The most recommended wine books

Who picked these books? Meet our 39 experts.

39 authors created a book list connected to wine, and here are their favorite wine books.
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Book cover of Noble Rot: Wine from Another Galaxy

Anthony Gladman Author Of Gin A Tasting Course: A Flavor-focused Approach to the World of Gin

From my list on cocktail-loving flavour fans.

Why am I passionate about this?

I think I was always meant to write about drinks for a living, it just took me a while to realise. Ever since my Dad gave me a copy of Harry's ABC of Mixing Cocktails as a kid (to look at the cartoonish illustrations) I've been fascinated by these particularly adult delights. I've also followed flavour around all my life like a Loony Tunes figure in the thrall of a beckoning wisp of fragrant steam. Studying this stuff for various drinks industry qualifications has only made that interest grow stronger, and so I take it out on you, dear reader, in the nicest way, of course.

Anthony's book list on cocktail-loving flavour fans

Anthony Gladman Why did Anthony love this book?

I write about beer, cider, spirits, and cocktails. In fact, I'll write about almost anything that will get you drunk, plus a few liquids that won't, but I don't write about wine. That's my off-duty drink, the one side of booze I don't need to know about beyond asking myself whether I want more of the wine in my glass.

So you could say that for me all wine is from another galaxy. It can seem too big, the world of wine. Too deep. Too stuffy. This book makes it fun again, makes it fresh and exciting. I almost want to learn about the stuff, despite my best efforts not to!

After reading this, I feel I'd happily follow Dan Keeling and Mark Andrew into any cellar to swill and swig the hours away.

By Dan Keeling, Mark Andrew,

Why should I read it?

1 author picked Noble Rot as one of their favorite books, and they share why you should read it.

What is this book about?

Winner of the Guild of Food Writers Drinks Book Award 2021

Shortlisted for the Andre Simon Food and Drink Book Awards 2020

"Noble Rot manages to unravel the mysteries of wine with insight and humour. A wonderful - and essential - read for anyone interested in the world of wine, or even for those, like me, who just drink it." - Nigella Lawson

"The Noble Rot guys have the ability to describe wines as if theyre either future friends, or rock-stars coming to blow your mind." - Caitlin Moran

"Noble Rot has brought originality, humour and now space travel to…


Book cover of Life and Food in the Dordogne

Martin Walker Author Of Bruno, Chief of Police

From my list on Perigord France.

Why am I passionate about this?

Martin Walker studied history at Oxford, international relations and economics at Harvard, and spent 28 years as journalist and foreign correspondent for Britain's The Guardian newspaper. He divides his time between the USA, Britain and the Perigord region of France, where he produces his own Bergerac red wine, 'Cuvee Bruno'. Martin writes a monthly wine column and is a Grand Consul de la Vinee de Bergerac, a body founded in the year 1254 AD and dedicated to the support of the region’s wines.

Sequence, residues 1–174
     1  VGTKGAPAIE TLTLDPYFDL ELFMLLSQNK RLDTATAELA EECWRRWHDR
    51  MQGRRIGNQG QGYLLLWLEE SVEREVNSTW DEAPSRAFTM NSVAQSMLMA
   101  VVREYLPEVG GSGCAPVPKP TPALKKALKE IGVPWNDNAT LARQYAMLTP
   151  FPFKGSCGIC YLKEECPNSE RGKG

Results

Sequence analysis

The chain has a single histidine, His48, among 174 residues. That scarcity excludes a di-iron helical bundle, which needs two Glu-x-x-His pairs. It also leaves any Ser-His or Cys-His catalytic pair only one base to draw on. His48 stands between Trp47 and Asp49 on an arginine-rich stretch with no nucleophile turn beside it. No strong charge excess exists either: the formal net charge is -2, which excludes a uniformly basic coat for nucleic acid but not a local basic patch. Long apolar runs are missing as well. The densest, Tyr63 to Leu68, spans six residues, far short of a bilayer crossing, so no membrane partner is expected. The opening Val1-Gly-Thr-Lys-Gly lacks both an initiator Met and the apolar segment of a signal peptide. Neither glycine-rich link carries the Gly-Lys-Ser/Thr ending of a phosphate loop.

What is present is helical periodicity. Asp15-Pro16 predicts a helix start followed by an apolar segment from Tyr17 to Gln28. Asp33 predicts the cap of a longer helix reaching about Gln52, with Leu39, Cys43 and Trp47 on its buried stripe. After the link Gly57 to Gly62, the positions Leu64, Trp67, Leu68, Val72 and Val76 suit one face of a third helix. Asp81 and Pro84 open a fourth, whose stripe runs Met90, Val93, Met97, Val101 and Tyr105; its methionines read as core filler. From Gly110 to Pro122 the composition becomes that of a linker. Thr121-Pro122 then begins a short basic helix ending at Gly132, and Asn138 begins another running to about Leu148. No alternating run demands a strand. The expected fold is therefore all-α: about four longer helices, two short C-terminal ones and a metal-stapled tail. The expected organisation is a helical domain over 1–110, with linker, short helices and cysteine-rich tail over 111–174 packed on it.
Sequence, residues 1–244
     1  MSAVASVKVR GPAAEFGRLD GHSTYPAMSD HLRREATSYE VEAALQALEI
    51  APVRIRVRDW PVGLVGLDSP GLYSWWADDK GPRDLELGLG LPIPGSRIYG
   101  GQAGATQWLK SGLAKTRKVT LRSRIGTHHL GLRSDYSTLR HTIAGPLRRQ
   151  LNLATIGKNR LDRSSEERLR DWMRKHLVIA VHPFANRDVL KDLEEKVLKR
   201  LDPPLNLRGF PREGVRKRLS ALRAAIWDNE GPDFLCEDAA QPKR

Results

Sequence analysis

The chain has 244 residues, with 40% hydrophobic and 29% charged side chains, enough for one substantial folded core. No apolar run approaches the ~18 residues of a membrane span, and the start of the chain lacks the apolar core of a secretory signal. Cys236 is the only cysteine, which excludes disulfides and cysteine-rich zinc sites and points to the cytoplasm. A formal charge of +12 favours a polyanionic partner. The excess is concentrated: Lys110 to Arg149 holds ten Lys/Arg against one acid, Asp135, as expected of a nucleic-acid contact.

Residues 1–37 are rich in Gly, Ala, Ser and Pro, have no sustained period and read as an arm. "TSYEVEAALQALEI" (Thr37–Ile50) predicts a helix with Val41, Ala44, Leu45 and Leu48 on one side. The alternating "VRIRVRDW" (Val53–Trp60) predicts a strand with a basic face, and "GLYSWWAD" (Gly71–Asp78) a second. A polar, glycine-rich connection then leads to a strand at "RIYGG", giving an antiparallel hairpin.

Martin's book list on Perigord France

Martin Walker Why did Martin love this book?

James Bentley, a former Anglican priest, wrote this a generation ago but it remains a classic, with excellent recipes, by a man who really knew his stuff. I always keep it on hand.

By James Bentley,

Why should I read it?

1 author picked Life and Food in the Dordogne as one of their favorite books, and they share why you should read it.

What is this book about?

Through the centuries, the Dordogne has cherished a tradition of fine cuisine that is framed throughout France, and the region has produced a disproportionate number of France's finest chefs: Brillat-Savarin, CarZme, Escoffier, AndrZ Noel and, in our own times, Marcel Boulestin. Moreover, the culinary skills found on the farms and in town households are not far removed from the gastronomic secrets of the finest restaurants.


Book cover of Wine Grapes: A Complete Guide to 1,368 Vine Varieties, Including Their Origins and Flavours

Ian Tattersall Author Of A Natural History of Wine

From my list on the joys of alcoholic beverages.

Why are we passionate about this?

Ian Tattersall and Rob DeSalle are both curators at the American Museum of Natural History in New York City.  Rob is a molecular systematist who has done research on everything from fruit fly diversity to human language, and Ian is a specialist in the study of human evolution and primates. They have collaborated on several exhibition projects, including the American Museum’s Spitzer Hall of Human Origins, and have written several books together, including the trilogy we are featuring here.

Ian's book list on the joys of alcoholic beverages

Ian Tattersall Why did Ian love this book?

This enormous volume is not for the faint of heart – or for the thin of wallet – but it is the most comprehensive account available of the many hundreds of different grape varieties that are made into wine. It is the varietal that makes the greatest contribution to the characteristics of each wine and that helps make each bottle you open distinctive, and Jancis Robinson, Julia Harding and José Vuillamoz profile nearly 1,400 grape varieties providing descriptions and thumbnail histories and the latest DNA-based conclusions on how they are all related. If this book does not start you thirsting to open a Graševina, a Nosiola, or a Tribidrag at the earliest opportunity, nothing will!